Qualcomm ($QCOM) announced medical device-related partnerships with Walgreens and Novartis ($NVS) at the Consumer Electronics Show in Las Vegas, demonstrating that companies of all stripes are aiming to enter the med tech arena, at least where it intersects with consumer goods, or in the case of the technology bigwig, Big Data. Qualcomm's contribution to the partnerships will be the cloud-based data-sharing Life2Net platform, described as a nonexclusive, interoperable system for delivering healthcare.
Soon "Qualcomm-enabled" devices utilizing the platform will be available at Walgreens, allowing remote patient monitoring through the sharing of biometric and health status information, according to a release. And Walgreens Balance Rewards members can link the connected devices to their account to earn points and share their biometric data with pharmacists. Some of the devices will include wrist-worn and conventional blood pressure cuffs and blood glucose meters.
In a recent survey of 2,000 people, blood pressure was the most popular vital sign participants wanted to monitor (37%), followed by weight (33%), chronic conditions like hypertension and diabetes (25%), sleep (23%), exercise (22%), diet (19%), and vision (18%).
"Whether transitioning from a hospital to the home or managing a chronic condition such as heart disease or diabetes, Walgreens connectivity solution powered by Qualcomm Life will allow us to help our customers achieve improved health through regular biometric communication with their providers," said Adam Pellegrini, Walgreens divisional vice president of digital health, in a statement. "Additionally, Qualcomm Life's platforms help us to reward participating customers for their choice to become more informed and engaged in their health care."
While wearables aren't going away, opinions are divided about the future of these new devices. For example, following a speech by CVS Health CEO Larry Merlo at the National Press Club, FierceMedicalDevices asked him if he envisions sales of wearable devices taking off, and the CEO said no.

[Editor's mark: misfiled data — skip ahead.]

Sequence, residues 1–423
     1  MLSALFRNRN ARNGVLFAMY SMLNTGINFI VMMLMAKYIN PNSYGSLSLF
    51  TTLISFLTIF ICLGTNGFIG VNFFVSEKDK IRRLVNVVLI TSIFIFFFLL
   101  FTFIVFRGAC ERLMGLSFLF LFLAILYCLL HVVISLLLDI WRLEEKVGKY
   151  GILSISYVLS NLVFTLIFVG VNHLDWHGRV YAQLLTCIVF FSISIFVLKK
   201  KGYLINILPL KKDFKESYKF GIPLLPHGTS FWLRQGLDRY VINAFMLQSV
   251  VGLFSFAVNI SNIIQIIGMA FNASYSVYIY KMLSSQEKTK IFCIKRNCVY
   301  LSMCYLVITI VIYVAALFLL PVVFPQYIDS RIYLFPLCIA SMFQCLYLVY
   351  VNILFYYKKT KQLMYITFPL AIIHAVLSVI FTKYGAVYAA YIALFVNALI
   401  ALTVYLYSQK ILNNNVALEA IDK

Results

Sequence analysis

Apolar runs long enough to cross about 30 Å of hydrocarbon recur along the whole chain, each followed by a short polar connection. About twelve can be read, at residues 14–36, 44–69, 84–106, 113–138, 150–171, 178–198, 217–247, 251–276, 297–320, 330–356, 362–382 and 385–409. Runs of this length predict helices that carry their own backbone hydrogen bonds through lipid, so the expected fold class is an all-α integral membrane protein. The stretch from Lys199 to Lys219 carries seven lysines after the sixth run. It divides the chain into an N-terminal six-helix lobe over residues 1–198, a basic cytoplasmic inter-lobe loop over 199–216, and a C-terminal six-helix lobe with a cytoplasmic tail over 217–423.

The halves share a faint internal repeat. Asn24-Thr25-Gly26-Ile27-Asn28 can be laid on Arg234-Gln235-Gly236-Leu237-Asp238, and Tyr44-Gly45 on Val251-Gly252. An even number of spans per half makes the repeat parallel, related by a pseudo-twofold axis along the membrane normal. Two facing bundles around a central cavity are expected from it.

But alongside Walgreens, Qualcomm is clearly a believer in the future of wearable devices, and aware that healthcare delivery is likely to be one of their key uses. Key to the company's vision is constant Internet/cloud connectivity, or what Pankaj Kedia, the boss of Qualcomm's wearables business unit refers to as "always-connected."
"A phone without service is useless. Three years from now, a wristwatch without always-connected will be an anomaly," Kedia told Gizmodo. He added that wearable devices will achieve "always-connected" through a combination of connectivity via Bluetooth-connected phones, Wi-Fi and cellular.
Qualcomm's Big Data play also extends to pharmaceutical and clinical applications. The company also announced that Novartis will use Life2net in clinical trials to automate the collection of patient data from medical devices at patients' homes. The Big Pharma is already piloting the platform in an observational trial of chronic lung disease patients that does not involve any of its pharmaceutical products.
In addition, Kedia told Gizmodo his lab is testing an ingestible device that can warn doctors about a looming heart attack, saying the innovation could be 3 to 5 years away.
- read the release about the partnership with Walgreens | Novartis
- here's the Gizmodo story